In addition, extroverts, like myself, do better when we think out loud, processing and forming ideas as we talk. Saying things that may or may not be relevant is an unfortunate side effect. It also opens the door for someone else to pick up on one of those loosely related topics which then spirals into a full on tangent.

To get the conversation back on track, try these approaches:

  1. Share a clear desired outcome for the meeting when you open the conversation so everyone knows what you’ve gathered to achieve.

  2. Use a backburner or bike rack for off-agenda topics. Acknowledge the subject and write it in the meeting notes for a follow up conversation. If it’s helpful, reference the desired outcome for this meeting and the need to get through the agenda.

  3. Ask if the topic is essential for right now or with this group of people. Often, discussions on details don't require the full group and related topics require other participants.

Hogging the microphone

I’ve often felt at the mercy of a meeting participant who never stops talking. They’re the first to jump in after a question and their comments ramble on and on. You don’t want to interrupt, but you also value the input of other participants. It’s especially hard if they hold a more senior role.

Balancing participation and hearing from all meeting participants will usually lead to richer, more useful discussion. If you notice the same people speaking, they may be extroverts who prefer talking, feel highly comfortable with this group, are quick thinkers or dislike silence, among other reasons.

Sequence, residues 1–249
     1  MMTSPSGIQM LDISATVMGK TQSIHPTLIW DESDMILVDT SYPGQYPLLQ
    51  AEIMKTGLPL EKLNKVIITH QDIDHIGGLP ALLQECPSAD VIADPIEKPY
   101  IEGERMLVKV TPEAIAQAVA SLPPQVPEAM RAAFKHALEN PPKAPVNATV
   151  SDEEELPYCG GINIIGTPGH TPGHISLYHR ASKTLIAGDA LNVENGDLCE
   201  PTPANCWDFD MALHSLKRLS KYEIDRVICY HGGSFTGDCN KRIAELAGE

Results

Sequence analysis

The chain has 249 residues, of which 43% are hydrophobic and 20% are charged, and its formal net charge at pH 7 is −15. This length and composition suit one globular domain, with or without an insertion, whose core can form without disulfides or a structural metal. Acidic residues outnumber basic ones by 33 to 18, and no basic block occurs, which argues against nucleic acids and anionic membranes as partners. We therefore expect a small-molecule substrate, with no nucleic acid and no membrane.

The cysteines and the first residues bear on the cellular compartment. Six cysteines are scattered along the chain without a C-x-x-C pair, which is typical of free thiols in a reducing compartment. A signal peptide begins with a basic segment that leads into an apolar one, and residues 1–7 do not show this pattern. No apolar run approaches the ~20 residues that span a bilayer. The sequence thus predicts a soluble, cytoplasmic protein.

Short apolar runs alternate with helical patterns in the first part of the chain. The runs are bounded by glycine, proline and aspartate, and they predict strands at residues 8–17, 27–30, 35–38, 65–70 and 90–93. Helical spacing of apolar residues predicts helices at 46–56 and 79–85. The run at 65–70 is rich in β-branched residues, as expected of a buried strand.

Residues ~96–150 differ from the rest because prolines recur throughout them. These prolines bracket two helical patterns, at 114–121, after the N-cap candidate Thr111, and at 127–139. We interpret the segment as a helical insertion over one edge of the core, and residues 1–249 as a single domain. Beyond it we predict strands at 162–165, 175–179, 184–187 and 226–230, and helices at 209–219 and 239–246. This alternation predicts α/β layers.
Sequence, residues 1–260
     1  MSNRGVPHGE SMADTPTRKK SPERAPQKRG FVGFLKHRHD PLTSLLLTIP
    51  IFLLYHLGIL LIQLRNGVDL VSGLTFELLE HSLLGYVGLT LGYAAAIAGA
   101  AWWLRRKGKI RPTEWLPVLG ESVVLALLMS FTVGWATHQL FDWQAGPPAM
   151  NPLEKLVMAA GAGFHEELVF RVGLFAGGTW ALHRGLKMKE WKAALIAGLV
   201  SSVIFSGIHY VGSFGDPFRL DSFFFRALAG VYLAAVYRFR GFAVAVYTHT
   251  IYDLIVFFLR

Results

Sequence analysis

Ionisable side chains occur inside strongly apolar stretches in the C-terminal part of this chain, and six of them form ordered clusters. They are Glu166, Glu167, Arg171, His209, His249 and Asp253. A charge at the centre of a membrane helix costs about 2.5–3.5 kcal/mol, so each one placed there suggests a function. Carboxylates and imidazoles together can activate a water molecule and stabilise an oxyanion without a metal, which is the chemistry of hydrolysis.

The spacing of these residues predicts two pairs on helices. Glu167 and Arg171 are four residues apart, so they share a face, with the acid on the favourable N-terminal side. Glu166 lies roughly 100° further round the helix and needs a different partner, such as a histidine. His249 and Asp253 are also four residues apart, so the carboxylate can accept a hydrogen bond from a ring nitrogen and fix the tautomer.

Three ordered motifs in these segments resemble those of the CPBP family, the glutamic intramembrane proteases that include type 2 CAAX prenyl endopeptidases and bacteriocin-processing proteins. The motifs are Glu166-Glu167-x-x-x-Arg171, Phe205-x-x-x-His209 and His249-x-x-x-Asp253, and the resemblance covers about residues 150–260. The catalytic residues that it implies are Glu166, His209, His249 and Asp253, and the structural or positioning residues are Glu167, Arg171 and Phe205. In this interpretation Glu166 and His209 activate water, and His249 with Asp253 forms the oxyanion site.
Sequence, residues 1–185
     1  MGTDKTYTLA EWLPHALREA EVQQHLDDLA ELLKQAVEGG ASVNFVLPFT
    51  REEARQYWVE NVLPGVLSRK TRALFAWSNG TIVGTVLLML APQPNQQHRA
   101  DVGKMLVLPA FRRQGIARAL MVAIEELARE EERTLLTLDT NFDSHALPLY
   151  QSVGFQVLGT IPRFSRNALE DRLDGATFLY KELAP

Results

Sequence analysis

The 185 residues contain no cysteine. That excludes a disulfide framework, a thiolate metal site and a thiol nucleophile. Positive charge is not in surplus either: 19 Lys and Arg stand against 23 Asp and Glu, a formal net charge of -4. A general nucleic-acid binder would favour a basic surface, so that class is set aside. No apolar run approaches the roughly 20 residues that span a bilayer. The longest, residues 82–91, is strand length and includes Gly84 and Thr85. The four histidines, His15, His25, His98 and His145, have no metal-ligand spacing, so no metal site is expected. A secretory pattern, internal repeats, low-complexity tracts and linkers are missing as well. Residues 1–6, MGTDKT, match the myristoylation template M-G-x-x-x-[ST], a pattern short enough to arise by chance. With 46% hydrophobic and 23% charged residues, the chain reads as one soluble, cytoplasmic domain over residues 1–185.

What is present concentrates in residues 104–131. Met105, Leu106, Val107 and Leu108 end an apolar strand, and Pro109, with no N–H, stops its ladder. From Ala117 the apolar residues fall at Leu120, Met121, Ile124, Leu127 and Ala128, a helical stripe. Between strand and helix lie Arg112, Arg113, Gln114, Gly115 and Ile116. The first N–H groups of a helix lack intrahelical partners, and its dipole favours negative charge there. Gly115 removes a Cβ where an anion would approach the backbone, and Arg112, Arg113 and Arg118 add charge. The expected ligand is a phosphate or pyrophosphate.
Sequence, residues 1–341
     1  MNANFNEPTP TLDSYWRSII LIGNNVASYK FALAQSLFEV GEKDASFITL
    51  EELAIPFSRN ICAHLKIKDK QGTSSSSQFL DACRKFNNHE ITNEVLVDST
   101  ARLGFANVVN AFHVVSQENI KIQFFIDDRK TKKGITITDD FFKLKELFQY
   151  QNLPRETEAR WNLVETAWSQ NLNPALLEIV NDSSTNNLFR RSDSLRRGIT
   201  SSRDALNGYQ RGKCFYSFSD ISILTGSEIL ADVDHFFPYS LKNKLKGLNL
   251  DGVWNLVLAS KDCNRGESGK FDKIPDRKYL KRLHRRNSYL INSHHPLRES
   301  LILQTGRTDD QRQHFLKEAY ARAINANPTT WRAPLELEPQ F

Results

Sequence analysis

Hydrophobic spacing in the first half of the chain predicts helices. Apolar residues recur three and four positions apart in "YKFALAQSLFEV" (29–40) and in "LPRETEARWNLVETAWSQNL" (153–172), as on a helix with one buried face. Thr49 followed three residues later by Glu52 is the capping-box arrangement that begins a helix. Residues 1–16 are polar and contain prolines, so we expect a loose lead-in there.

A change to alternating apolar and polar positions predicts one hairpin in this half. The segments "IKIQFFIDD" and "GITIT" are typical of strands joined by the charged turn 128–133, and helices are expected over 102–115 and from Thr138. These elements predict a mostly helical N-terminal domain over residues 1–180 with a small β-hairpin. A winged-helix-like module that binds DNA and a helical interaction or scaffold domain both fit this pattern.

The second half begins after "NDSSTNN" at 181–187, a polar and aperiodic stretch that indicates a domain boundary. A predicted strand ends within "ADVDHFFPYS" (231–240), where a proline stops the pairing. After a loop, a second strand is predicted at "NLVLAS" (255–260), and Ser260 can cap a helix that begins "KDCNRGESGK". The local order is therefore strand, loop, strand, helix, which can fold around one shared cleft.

If the challenge is more centered around long-winded monologues, it may be that the person is figuring out their ideas as they talk, are passionate about the topic or have deep knowledge on the subject which they feel the need to share.

To encourage more balanced participation, try these approaches:

  1. Ask people to write their thoughts down during 2-3 minutes of quiet. Then go around the room having each person share one idea or thought at a time.

  2. Use a timer to give equal air time. Announce that you have limited time and want to hear from everyone, so each person will get 1 minute. Ask them to be respectful and end their remarks when the timer goes off.